By Patty Wilber
Horse care after hard riding in cold weather. That was the blog plan anyway.
But then I went to the ranch last weekend, and it rained while we rode the horses in.
It rained over night. It rained while we gathered heifer 48, the sick orphan, and the four mama cows with the littlest calves whom we needed to truck, rather than walk down the mountain.
It rained enough that we put chains on all four tires of the 4-Wheel Drive truck we used for hauling the load of bovines off the western side.
It rained enough that we were worried the cattle pot (a semi truck) could not get into the pens down at the bottom of the hill on the eastern side.
It rained on the way out, two riders, and NO COWS. Left the majority at the ranch and we are heading out this week to try again. I am gone as you read this.
So, maybe the title should’ve been be “Rode Wet”?
Or maybe it should’ve been “48”. 48 had brisket (high altitude respiratory edema) and probably pneumonia. She is not out of the woods yet and could still kick off, which would be rather distressing…because…
Well, I’ll tell you. (I guess this is her somewhat less than 15 minutes of fame…)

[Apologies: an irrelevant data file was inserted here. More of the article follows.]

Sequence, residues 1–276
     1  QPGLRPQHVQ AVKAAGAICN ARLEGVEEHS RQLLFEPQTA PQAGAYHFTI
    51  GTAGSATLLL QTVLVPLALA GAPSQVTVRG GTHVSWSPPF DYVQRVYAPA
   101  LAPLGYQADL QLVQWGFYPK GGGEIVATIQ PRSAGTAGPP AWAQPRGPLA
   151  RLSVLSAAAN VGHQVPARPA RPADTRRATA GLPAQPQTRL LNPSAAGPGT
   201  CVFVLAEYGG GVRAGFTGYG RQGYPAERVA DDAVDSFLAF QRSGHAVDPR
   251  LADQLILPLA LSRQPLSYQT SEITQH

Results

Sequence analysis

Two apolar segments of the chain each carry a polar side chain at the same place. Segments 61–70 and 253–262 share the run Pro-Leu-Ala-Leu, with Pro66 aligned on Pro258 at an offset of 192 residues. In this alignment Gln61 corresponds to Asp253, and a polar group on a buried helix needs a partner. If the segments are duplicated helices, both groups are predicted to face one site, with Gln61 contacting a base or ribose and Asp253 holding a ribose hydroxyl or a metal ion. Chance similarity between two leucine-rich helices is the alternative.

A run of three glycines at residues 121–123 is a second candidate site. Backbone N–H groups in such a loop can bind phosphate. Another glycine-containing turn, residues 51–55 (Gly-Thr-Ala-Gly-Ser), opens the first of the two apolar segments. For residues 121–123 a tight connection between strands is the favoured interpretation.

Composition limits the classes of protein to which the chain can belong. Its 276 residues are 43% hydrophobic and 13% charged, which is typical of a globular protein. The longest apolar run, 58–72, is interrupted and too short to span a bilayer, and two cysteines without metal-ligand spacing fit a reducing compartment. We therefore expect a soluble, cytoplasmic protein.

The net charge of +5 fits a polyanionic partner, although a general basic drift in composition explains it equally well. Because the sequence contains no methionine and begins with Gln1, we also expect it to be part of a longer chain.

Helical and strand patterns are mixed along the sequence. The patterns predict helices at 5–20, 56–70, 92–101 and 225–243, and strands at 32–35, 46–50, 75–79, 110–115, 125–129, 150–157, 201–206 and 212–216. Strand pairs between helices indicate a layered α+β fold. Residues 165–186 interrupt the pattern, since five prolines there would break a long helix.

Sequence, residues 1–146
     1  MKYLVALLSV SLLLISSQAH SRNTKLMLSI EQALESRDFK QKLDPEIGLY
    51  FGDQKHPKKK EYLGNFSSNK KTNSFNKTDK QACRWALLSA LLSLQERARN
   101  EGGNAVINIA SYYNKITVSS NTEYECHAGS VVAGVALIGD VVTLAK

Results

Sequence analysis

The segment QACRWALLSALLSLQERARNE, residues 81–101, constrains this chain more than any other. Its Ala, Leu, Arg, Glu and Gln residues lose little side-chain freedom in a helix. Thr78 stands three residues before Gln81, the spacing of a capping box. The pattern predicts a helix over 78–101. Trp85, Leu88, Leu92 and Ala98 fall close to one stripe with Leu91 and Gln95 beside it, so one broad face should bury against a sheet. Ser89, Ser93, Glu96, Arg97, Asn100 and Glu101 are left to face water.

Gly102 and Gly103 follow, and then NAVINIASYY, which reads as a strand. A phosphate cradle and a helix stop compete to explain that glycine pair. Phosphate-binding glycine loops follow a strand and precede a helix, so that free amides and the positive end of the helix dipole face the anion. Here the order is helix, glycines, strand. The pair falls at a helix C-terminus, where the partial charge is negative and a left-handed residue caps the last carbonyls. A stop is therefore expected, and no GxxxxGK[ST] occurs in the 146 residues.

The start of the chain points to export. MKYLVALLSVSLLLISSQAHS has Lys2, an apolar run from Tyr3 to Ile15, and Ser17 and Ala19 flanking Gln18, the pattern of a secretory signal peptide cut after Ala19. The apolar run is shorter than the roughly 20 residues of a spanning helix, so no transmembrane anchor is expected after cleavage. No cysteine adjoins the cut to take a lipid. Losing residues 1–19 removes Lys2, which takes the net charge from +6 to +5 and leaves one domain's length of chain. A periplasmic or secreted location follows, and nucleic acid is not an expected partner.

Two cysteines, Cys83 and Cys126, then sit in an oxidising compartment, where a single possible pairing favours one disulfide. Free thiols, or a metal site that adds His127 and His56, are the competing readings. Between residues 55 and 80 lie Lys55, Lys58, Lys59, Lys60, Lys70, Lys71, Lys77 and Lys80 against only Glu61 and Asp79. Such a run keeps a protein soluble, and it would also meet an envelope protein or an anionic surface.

48 is a twin and and her womb-mate, Little 24 (distinguishable from Big 24 by the relative sizes of the ear tags), was the one mom wanted. 48 was abandoned. We brought her in from the farm where she was born with in a few days, along with two likely substitute moms.
Both let her nurse some, but neither truly accepted her. She took to nursing from behind when the “real” calves nursed from the side. She took the opportunities to eat when they were there.
About a week later, she got snake bit.
Her whole head swelled up and her eyes puffed into slits. She had no Mom to care about her.
I took Penny and went to check the cows one day. 48 was all alone in a field 1/2 a mile or more from the herd, and I kid you not, the coyotes were circling.
Pushed her back to the herd. She couldn’t really see where she was going but she could hear us and apparently didn’t wish to be caught, so we zigzagged her back to the bunch. The cows didn’t seem to care, either way.
She was small but she survived.
We moved her to the high country in June with the rest, and she walked the whole way in. She continued her vagabond sneak nursing. I do not know how many moms she’s borrowed from, definitely more than three. She grew to be one of the bigger calves!
Then this, just one week before moving off the mountain!
She has received two doses of penicillin and seems to be improving. Good thing, because if she’d died at the ranch (and I do have the “just died” picture but it was a little gruesome), in less than 10 days, this is all that would be left.
Hold on 48!